The full bibliographic information for these sources then goes in an abbreviations list and should not appear in the bibliography.

3. Adjust your reference manager’s output accordingly.

If you use reference manager software, you’ll want to consider how best to get that software to produce the abbreviated references you need for cases like this. If you use Zotero, you have two main options.

a. Enter footnotes manually, or use the prefix and suffix fields.

If you need to cite only one or more grammars only by an abbreviation(s), you can simply add a footnote and type the appropriate text without going through Zotero’s “add citation” process.

If you are citing a grammar(s) and another source(s) in a Zotero footnote, you can simply add the appropriate grammar citation text to the prefix or suffix fields of your existing citation, depending on whether you want the grammar citation to come before or after the other source(s) you are citing.

So, for instance, when adding or editing a citation, you could type “BDF §458;” into the prefix field to add a citation to Blass-Debrunner-Funk §458. Zotero would then build this text into the footnote so that the footnote will look as it should.

The upside of this method is that it is quite straightforward. The downside is that any sources you cite in this way won’t appear in any bibliography Zotero generates for your document.

SBL Press doesn’t want sources cited by abbreviation in a bibliography anyhow, but in some cases, you might find that you want this (e.g., requirements from a professor, journal, or volume editor).

In that event, your best option will be to edit the bibliography that Zotero prepares to add any sources you’ve included in your footnotes simply by adding their abbreviations as text. Since you entered those citations simply as text, Zotero won’t “know” to add these sources to your bibliography unless you make those changes directly.

b. Install the current SBL style in your reference manager.

Other ways of getting this output automatically from Zotero may be on the horizon. But things are really quite easy if you have the current version of the SBL style installed.

Not long ago, you would have needed to install a custom variant of the main SBL style or edit the style yourself. That’s no longer necessary, however. The changes necessary to cite grammars and other sources by abbreviation are now part of the main SBL style.

You can get the style from the Zotero repository directly. Or if you drop your name and email in the form below, I’ll drop you an email about that style. I’ll also include the style for the Catholic Biblical Association, which uses many of the same abbreviations as SBL style.

Once you have the style installed, for any source you need to cite by an abbrevation, just add Annote: [abbreviation] in that Zotero resource’s “Extra” field. So, for instance, for Blass-Debrunner-Funk, you would add Annote: BDF.

The upside of this method is that you can cite grammars by abbreviation while using the Zotero add citation dialog.

The downside is that you might need to edit your bibliography, if you have one, to remove these sources and move them to an abbreviation list (per SBL style’s requirement).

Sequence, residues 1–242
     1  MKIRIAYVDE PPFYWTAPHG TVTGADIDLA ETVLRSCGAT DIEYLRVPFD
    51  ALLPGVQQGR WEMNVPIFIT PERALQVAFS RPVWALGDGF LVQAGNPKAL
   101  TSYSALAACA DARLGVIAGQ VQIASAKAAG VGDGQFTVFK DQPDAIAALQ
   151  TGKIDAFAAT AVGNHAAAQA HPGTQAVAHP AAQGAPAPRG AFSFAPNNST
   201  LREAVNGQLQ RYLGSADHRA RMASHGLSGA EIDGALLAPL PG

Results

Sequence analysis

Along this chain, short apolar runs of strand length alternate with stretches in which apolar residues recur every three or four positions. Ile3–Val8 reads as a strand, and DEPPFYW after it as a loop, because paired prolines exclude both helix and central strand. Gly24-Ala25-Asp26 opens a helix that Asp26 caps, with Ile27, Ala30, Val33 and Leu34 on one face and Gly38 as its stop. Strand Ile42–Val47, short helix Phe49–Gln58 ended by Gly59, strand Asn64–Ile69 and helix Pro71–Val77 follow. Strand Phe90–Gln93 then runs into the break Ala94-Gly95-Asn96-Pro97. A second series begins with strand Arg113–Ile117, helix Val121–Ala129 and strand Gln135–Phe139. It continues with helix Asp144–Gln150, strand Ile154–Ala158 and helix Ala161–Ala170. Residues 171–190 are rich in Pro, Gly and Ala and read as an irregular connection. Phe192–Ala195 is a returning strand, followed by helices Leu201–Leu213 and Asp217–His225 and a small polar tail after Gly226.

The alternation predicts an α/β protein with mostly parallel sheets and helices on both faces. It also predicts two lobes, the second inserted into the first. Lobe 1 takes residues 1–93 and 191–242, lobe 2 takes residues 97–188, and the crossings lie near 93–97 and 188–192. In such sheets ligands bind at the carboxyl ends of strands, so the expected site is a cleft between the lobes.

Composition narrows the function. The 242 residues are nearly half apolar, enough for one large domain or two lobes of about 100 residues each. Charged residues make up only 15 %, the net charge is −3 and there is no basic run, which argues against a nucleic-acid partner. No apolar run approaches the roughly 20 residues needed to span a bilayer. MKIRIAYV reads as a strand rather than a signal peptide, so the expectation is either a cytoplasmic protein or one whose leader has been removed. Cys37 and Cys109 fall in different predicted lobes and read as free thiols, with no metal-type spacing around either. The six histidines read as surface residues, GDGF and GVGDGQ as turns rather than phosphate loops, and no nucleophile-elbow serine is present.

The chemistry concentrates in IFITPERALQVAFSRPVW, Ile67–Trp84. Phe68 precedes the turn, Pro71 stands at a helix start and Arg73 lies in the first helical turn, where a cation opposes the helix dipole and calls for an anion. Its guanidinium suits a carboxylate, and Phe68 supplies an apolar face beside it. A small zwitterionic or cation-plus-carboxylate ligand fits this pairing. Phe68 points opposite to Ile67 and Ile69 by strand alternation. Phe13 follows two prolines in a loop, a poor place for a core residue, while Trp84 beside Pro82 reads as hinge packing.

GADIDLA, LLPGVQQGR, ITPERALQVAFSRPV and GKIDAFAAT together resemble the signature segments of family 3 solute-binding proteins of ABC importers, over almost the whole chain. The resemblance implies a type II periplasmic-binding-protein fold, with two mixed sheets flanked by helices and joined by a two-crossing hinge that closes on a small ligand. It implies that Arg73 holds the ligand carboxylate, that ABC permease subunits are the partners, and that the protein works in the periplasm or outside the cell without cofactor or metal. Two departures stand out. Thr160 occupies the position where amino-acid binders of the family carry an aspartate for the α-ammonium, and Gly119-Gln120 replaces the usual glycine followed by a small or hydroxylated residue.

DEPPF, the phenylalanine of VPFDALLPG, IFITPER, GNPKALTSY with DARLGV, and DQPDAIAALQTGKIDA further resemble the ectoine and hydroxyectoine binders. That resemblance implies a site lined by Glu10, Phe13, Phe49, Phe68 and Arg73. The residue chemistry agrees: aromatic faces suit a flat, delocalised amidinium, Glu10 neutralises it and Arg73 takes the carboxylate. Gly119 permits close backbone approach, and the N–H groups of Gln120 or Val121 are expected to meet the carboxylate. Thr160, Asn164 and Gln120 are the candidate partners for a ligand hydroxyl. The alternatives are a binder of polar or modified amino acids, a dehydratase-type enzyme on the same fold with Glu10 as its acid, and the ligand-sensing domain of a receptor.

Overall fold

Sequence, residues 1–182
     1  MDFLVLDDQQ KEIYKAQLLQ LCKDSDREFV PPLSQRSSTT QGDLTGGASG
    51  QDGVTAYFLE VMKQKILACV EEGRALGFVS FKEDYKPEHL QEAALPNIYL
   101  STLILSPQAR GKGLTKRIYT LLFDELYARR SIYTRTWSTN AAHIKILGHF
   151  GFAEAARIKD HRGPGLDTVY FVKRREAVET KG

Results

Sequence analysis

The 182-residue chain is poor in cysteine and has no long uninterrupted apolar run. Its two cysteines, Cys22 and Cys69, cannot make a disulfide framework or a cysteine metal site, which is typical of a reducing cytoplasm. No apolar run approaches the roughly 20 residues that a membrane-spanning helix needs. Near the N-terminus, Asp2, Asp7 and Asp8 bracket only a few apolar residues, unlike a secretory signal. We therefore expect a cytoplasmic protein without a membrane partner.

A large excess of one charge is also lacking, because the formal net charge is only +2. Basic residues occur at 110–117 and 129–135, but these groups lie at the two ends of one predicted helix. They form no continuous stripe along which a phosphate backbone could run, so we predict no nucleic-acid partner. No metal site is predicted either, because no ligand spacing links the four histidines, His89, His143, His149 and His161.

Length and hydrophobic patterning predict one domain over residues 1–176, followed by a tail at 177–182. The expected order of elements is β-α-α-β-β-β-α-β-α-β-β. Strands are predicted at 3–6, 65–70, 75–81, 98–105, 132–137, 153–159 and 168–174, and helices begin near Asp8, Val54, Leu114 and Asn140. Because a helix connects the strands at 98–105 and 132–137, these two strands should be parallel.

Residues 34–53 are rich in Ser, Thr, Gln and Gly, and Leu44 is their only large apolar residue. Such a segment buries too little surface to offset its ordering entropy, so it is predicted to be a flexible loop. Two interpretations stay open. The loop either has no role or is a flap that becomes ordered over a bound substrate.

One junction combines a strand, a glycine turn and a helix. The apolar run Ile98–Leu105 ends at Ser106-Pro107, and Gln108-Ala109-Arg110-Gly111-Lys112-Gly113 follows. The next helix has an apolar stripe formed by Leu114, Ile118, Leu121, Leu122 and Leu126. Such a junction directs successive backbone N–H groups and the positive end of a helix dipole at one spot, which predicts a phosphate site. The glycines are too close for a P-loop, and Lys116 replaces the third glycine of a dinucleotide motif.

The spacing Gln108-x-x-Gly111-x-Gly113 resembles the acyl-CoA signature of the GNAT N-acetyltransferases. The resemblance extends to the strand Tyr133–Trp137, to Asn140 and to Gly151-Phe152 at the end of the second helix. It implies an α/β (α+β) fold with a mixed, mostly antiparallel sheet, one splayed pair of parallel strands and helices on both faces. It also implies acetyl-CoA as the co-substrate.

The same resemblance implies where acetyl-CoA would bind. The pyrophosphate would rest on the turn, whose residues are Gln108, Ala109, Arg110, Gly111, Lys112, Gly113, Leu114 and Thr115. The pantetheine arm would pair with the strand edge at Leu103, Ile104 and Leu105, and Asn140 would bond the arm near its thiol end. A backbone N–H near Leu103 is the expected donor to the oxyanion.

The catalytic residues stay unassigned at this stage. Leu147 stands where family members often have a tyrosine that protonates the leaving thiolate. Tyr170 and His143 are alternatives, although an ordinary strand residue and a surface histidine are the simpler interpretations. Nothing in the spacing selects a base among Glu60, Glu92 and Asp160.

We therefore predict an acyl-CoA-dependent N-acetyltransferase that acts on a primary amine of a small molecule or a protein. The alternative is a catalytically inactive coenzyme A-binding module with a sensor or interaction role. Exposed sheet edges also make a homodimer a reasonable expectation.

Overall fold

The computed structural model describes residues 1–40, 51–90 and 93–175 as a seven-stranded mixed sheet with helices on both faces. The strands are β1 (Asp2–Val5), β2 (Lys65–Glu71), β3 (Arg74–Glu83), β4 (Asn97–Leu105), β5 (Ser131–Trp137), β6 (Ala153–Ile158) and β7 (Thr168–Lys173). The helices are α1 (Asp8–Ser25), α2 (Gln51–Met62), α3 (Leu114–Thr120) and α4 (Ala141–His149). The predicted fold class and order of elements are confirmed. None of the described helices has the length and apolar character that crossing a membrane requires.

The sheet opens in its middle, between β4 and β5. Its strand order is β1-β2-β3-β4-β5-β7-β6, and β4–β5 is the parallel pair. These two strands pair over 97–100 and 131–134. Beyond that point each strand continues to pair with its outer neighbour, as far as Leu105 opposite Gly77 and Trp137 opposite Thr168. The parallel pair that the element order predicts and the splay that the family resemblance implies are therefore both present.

But you will probably know pretty well which few sources are cited by abbreviations. So, you should be able to edit your bibliography as needed pretty quickly to relocate these sources.

Conclusion

In the end, citing grammars according to the SBL Handbook of Style is quite straightforward.

If you want to cite them while using a reference manager, the process may be a bit more detailed to set up since the manager may not have a mechanism for handling largely custom citation patterns like the abbreviations SBL Press specifies for common grammars.

But with some careful thought about how you want to approach citing these kinds of resources, you can certainly streamline them into your existing citation process.


  1. Header image provided by SBL Press

  2. Also important is SBL Press’s discussion of citing Herbert Smyth’s Greek Grammar

Focus on Writing While Zotero Does Even More Formatting

Zotero is a free tool for managing bibliographies and citations.1 It’s now even more useful for researchers in biblical studies.

That’s particularly true if you’re using the styles for either the Catholic Biblical Association (CBA) or the Society of Biblical Literature (SBL).

Catholic Biblical Association

The style for the CBA is what you’ll see if you read a Catholic Biblical Quarterly article.

Zotero has supported CBA style for some time. But per CBA’s current guidelines, the style now

  • Supports custom citations specified by CBA and stored in Extra via the annote variable (e.g., annote: BDF),
  • Allows series abbreviations to be stored in Extra via the collection-title-short variable (e.g., collection-title-short: NIGTC),
  • Truncates page ranges per the guidance of the Chicago Manual of Style (e.g., 115-116 becomes 115-16),2
  • Capitalizes English titles stored in sentence or lower case in “headline” style,
  • Gives citations with a “sub verbo” locator the “s.v.” notation and those with a “section” locator the § symbol,3
  • Overrides Chicago’s en dash with a hyphen when delimiting page ranges, and
  • Includes a period at the end of a citation.

The updated style now also corrects a few bugs in the prior version. These include

  • Correcting the output of a work cited with only editors as responsible parties from “, ed. [name(s)]” to “[name], ed.” or “[names], eds.”,
  • Correcting the delimitation and spacing with volume-page citations (e.g., “1:105”), and
  • Lowercasing “rev. ed.” and, if it appears other than at the start of a sentence, “ibid.”

Society of Biblical Literature

Like CBA, SBL style requires you to cite a number of resources by specific abbreviations.